|Photo from first training of Makouti technicians|
I have been volunteering in Haiti for ten years. My initial work involved meat rabbit production and evolved into food security and meat quality assurance; this is my first assignment specific to meat goat production and management. This assignment was expected to help producers to 1) evaluate/assess their current system of goat production management, including feeding, reproduction, and overall maintenance (shade, ventilation, aeration, heat, etc.); 2) identify and reinforce best practices to improve the quality of their product.
Excessive rains and flooding were a serious constraint during this visit, we received over 36” of rain during our two weeks. For the first five days we had limited access to areas beyond the hotel, and our in-country colleagues were unable to access us. Myriam Kaplan-Pasternak (F2F volunteer from California) and I took advantage of this time to develop relevant training documents and detailed presentation to be utilized for the final Friday of week one and four days of the following week.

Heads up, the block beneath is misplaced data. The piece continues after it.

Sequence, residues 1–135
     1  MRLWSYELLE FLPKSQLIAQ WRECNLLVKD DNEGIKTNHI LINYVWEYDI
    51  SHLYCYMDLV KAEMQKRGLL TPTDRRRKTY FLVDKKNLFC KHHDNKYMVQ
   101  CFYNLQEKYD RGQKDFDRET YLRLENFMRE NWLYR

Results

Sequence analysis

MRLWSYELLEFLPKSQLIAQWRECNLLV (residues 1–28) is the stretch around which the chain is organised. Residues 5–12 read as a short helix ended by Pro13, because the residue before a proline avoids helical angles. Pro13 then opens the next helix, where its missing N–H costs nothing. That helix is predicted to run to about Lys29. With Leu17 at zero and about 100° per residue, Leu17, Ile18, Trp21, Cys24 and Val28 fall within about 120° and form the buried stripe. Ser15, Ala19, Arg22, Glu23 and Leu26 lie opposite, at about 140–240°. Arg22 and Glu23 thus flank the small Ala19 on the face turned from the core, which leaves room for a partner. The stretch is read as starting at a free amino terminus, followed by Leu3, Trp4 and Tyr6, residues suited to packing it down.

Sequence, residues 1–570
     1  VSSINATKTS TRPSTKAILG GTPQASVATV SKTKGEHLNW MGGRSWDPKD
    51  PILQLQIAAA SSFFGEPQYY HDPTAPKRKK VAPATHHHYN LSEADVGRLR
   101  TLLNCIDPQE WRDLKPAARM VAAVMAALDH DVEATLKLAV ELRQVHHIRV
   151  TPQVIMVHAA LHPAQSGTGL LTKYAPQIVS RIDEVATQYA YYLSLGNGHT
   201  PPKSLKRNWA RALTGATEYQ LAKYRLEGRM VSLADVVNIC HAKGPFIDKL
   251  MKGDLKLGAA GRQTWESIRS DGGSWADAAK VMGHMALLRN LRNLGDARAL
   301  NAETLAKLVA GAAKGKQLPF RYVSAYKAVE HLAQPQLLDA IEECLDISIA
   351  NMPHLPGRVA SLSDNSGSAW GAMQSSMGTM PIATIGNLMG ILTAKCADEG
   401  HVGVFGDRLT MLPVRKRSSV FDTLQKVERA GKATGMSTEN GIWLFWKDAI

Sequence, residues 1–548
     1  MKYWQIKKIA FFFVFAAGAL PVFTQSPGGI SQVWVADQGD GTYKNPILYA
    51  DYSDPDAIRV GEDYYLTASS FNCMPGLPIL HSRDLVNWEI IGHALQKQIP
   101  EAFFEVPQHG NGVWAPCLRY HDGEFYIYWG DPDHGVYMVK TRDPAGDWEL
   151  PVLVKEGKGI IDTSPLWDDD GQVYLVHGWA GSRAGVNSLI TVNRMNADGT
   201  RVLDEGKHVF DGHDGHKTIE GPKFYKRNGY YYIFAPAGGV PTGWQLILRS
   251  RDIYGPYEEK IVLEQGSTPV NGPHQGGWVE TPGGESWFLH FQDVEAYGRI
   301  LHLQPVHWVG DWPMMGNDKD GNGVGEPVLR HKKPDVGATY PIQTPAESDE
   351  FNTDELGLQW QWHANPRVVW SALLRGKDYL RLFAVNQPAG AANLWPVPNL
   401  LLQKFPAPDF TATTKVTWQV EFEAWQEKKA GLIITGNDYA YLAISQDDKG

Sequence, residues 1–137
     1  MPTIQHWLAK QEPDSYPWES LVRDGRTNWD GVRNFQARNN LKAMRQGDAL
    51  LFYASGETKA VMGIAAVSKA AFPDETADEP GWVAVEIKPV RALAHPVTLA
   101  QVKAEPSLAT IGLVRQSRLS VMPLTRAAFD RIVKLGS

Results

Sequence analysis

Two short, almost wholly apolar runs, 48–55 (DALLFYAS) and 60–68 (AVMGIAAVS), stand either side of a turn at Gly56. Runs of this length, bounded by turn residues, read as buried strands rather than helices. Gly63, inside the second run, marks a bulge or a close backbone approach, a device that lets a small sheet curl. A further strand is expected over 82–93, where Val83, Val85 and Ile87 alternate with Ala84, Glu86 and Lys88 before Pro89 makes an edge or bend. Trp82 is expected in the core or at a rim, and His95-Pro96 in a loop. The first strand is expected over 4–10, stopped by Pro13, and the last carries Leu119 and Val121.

|Flooding situation at end of first week|
Both the lecture and hands-on training covered detailed information on nutrition (including continuous access to water), selection, production, management, reproduction, parasitism, FAMACHA, health, disease, shelter, confirmation, kidding, body-condition scoring, estimating body weights using a measuring tape, hoof trimming, castration, injection sites, ear tag application, castration, and deworming.
|Hoof trimming demonstration|
The meat goat industry in Haiti has experienced significant advancement. Farmers and hosts have easier access to supplies (fencing wire, veterinary medicines and supplies, feeds, etc.) and number of goat farmers and goat inventories have increased. What seems to be much needed is a strong interest for improving quality of individual animals and herds, providing adequate nutrition including water, and quality of animal husbandry. While many of these farmers sincerely enjoy raising goats, they fail to take the initiative for improving various aspects of production quality. I have observed this for years with all types of livestock production in Haiti, and is a common problem in the U.S. with novice livestock producers.
|Individual filling out evaluation form|
|Technician looking into microscope to assess fecal-egg count|
Makouti technician assisting farmer with goat evaluation in Robillard
To find out more about our open assignments in Haiti, please email firstname.lastname@example.org.